Three Imaginary Girls

Seattle's Indie-Pop Press – Music Reviews, Film Reviews, and Big Fun

The Old Haunts almost ruined the show on August 23rd for Kimya Dawson, at least for me. No, the local band didn't trash the stage or run off all the fans, quite the contrary in fact — they nearly stole the spotlight from the headliner.

Forget blending genres to create a new sound, an endless array of pedals crowding up the stage floor, or random bursts of unexpected sound. The Old Haunts have none of that; they just have good, true rock 'n' roll as it should be, a three-piece band who showed up to play hard and loud and nothing else. I found them extremely refreshing. Their singer/guitarist Craig Extine grew steadily sweatier, a spray of spit accompanying every few words that came out. He was just as dirty as a rock lead man should be. And I didn't detect an air of self-righteousness once during their set. Sadly that set had to be cut short, as drummer Tobi Vail reportedly had an extremely bad cold. Her drumming was less minimal than Meg White's; she has a bit more to her sound than Meg's one-two one-two. But if I needed a band to compare the Old Haunts to, it would be the White Stripes. Both bands attempt to bring rock back to its roots, and Extine's vocals sound an awful lot like Jack's.

As I said, the Old Haunts almost stole the show from Kimya. They didn't quite succeed, however; how could you not be charmed away by a woman frankly singing, "So I tattoo instructions on my ass/that say 'don't ever put this body is a casket/burn it and put the ashes in a basket/and throw them in the Puget Sound/I don't ever want to be under ground'"? Plus the crowd more than doubled by the time Kimya took the stage. Or, I should say floor, as she opted to sit amongst the rest of us, due to an argument between the acoustic guitar and the sound system which sounded like a bunch of feedback.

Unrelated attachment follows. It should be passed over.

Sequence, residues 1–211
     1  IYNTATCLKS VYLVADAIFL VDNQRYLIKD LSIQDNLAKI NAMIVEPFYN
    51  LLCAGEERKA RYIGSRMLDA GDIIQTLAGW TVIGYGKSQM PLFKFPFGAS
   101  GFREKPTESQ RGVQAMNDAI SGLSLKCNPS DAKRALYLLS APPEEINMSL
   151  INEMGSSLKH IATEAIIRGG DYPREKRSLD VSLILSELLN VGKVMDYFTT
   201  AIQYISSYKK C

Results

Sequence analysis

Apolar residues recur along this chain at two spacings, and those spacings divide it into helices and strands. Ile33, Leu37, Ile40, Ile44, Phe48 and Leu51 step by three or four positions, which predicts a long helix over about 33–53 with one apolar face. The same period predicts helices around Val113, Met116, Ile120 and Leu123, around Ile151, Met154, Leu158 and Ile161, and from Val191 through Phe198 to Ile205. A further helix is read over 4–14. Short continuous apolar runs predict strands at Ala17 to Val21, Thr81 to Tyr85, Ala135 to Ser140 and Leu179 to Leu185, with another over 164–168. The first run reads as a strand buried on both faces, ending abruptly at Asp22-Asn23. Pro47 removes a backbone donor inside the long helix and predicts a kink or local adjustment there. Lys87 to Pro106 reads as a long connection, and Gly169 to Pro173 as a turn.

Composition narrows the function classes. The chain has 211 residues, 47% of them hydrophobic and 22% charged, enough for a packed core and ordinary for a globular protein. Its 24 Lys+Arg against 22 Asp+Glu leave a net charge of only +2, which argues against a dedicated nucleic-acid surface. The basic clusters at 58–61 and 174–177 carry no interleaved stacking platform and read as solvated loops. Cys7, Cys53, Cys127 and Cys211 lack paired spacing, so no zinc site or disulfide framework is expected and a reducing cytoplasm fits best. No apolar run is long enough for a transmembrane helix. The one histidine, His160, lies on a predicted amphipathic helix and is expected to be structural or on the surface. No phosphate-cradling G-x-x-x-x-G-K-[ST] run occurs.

With us surrounding her in a semi-circle, it felt like Story Time with Kimya. If you've ever heard her songs, this would be a fitting feeling — her poetry is biting social commentary, stories about friends, fictional or real, and now includes an entire collection of children's songs, primarily casting her daughter Panda as the main character. Talk of Panda filled most of the banter, stemming from the fact the show was 21+ and the baby wasn't allowed. I've seen her daughter in person at the Vera show a few months back, and I would highly suggest checking out Kimya's MySpace for a picture of Panda, as she's possibly the cutest baby ever. [This coming from someone who's opinion of babies is usually not positive.]

Parenthood and having just returned from an extended trip to Europe, both for a tour and vacation, were taking a toll on Dawson during this late, late show. I think she mentioned being sleepy at least a handful of times. Nevertheless, her set was comical, heartfelt, political, endearing, and fantastic — everything you'd expect from Kimya Dawson.